The participants were informed about the use of the data for scientific publications.
Thirty-four interviews with female migrant nurses and physicians from sub-Saharan Africa were analysed. Participants were between 26 and 70 years old; most were between 30 and 50 years. This age group had particularly significant family responsibilities, with many having children. Participants had lived in their country of destination for between one and 34 years, with the majority living there for more than ten years (reference year 2012) (see Table 1).
As the interview sample was recruited purposively the numbers differ from country to country. There were more interviews with female health workers in the UK and South Africa as they are in general major destination countries for migrant health workers. Hence, interview partners were easier to find than in atypical destination countries such as Austria. Regarding the countries of destination the countries of origin South Africa, Zambia and Democratic Republic (DR) Congo outnumber other countries by far. This is the result of special bilateral agreements between these three countries and some of the countries of destination like South Africa, Belgium and the UK. Also, nurses have been migrating for a longer period of time already and migrant nurses outnumber migrant doctors in general, therefore we were able to recruit more female nurses than female physicians .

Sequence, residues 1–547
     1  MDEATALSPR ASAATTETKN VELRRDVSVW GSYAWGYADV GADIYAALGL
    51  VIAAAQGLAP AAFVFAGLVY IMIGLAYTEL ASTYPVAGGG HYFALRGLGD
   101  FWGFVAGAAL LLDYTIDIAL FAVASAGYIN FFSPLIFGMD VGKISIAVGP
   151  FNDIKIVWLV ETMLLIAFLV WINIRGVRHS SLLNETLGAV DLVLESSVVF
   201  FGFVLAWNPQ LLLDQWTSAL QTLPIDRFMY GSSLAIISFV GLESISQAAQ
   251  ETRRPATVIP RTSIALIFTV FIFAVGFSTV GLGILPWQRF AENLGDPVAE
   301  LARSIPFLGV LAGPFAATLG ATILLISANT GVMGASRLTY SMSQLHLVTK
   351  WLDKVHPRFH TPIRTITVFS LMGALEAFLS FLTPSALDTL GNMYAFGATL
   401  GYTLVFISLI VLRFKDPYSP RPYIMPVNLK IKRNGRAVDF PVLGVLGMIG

There were more female lead migrants (LM) in the sample (n = 21) than accompanying spouses (AS) (n = 13). The proportion of lead migrants within the group of nurses was particularly high; almost 2/3 of the nurses, and more than 50% of the migrating physicians were lead migrants in our sample (see Table 2).
Migration and impact on women’s careers
Temporary inability to work, deskilling & devaluation.
Many of our respondents experienced at least temporary deskilling or inability to work due to a long recognition process of their qualifications, waiting two to ten years before being able to practice as a physician or nurse. A case of temporary deskilling is reported by a physician in the United Kingdom:
When I got to the UK, the references are difficult to get in the beginning; even getting jobs is very difficult because in the beginning I had to do care work for, I don't know, for some long time, about four months or something. I did care work.